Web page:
Film show

An epidemic of movie critics

Like who? The few exceptions that have been opened for discussion and debate would undoubtedly be Shyam Benegal, Ramesh Sippy (since he couldn’t quite surpass Sholay), Rajkumar Hirani (the Lord preserve him), Farhan Akhtar (i think), Hansal Mehta (since he turned to reality cinema with Shahid), Ashutosh Gowariker (I hope) and… naah nobody else.

With that said, what are most movie critics dreaming of in the Mind Multiplex? I would like to believe that we dream of reacting to films with emotion, honesty and with a certain individualism. We pursue, often in vain, the ideal of enlightenment, persuasion, clear thinking and writing.

The film industry should not be ceded, nor should the filmmaker be told how he or she should make films. One would be dishonest, the other presumptuous. The public, who read film reviews, should be guided, of course, but not in a simplistic manner. Criticism is certainly not a branch of the Consumers’ Guidance Society.

Those ratings – on a scale of one to five stars above a review – are a whole different story. How to “starrify” a movie is a pain in the neck, and worse. Like it or hate it, this stupid chore, this “quick” indicator is mandatory. Those who venture to read the entire review under these galactic icons actually deserve a Bravery Certificate for their courage and patience.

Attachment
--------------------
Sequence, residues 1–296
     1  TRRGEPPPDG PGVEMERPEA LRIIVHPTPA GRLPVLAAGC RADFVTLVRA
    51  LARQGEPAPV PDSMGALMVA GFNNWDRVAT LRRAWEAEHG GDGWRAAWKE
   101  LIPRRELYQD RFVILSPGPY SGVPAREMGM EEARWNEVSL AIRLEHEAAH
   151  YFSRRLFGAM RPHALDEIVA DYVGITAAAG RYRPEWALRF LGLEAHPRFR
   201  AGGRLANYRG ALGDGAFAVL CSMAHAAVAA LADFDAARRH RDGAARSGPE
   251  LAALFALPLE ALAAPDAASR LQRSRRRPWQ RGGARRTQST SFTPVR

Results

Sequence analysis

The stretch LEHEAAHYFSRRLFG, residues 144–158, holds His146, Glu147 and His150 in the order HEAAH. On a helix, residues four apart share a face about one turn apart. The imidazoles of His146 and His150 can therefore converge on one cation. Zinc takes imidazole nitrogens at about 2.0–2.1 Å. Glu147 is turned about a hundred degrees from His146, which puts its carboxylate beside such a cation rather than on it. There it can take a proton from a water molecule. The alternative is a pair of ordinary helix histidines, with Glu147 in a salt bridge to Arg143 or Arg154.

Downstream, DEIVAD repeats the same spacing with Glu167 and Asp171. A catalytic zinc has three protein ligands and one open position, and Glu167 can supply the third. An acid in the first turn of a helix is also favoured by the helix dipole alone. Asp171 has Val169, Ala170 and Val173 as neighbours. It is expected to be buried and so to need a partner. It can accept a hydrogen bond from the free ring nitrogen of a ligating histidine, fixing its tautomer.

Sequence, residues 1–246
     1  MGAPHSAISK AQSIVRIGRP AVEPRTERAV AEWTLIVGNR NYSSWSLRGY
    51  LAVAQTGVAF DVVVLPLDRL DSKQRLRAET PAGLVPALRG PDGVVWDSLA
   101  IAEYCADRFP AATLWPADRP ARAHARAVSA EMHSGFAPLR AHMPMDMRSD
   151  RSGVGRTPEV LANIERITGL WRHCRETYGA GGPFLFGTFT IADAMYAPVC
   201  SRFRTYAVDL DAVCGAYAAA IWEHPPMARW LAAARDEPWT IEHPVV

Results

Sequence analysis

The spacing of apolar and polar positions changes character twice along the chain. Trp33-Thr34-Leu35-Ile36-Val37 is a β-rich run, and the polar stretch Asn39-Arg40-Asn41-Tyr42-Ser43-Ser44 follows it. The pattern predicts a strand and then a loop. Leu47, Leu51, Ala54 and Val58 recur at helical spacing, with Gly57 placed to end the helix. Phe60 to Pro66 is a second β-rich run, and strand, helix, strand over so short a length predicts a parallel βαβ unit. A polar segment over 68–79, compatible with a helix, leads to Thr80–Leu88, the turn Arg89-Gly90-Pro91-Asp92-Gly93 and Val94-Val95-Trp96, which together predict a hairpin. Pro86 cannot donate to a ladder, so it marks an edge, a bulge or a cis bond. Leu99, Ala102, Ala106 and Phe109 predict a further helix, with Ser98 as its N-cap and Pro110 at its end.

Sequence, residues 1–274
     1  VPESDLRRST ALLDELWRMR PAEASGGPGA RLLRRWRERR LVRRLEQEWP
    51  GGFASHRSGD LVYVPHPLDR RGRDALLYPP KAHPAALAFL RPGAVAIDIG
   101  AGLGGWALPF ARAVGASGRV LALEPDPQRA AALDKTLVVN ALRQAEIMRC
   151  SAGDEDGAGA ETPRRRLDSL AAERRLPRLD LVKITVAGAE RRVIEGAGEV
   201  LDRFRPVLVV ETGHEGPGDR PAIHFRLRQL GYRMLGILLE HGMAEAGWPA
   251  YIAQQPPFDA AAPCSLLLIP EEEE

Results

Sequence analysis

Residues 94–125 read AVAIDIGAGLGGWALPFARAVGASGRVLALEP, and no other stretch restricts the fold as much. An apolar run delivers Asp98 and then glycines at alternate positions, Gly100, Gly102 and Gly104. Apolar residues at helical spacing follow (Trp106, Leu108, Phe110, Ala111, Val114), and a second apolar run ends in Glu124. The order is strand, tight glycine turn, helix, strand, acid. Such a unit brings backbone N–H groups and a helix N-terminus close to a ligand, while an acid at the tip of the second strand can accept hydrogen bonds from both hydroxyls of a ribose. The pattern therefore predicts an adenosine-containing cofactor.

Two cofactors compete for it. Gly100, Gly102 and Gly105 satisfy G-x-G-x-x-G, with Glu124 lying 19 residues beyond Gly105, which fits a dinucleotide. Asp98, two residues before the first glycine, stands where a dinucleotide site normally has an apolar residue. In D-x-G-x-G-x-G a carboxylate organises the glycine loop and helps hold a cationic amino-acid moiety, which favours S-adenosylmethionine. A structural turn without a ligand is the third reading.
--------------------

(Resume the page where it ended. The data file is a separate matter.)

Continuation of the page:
The point is that it is not for the critic of any persuasion to make the reader’s reflection. It is much more important for the critic to make his own reflection to share with the viewer. It might seem like a slight difference, but all things considered, it’s huge.

To offer a bit of a plot summary, some quick judgments – this actor was bad, this one was good – and an arbitrary recommendation for or against the movie – this kind of review thinks for the reader and is perfectly worthless.

Consolably, there is another type of criticism in which the writer develops thought processes, so to speak, behind glass so transparent that the reader can see how the critical mind engages the film and comes to conclusions.

It is like thinking out loud in public, which the reader may agree or disagree with, in part or in whole. It invites dialogue. It’s not a dotted paternal index finger, or an insider drug, or a sibling acting like, “We’re all the same and if I loved it or hated it, so will you.”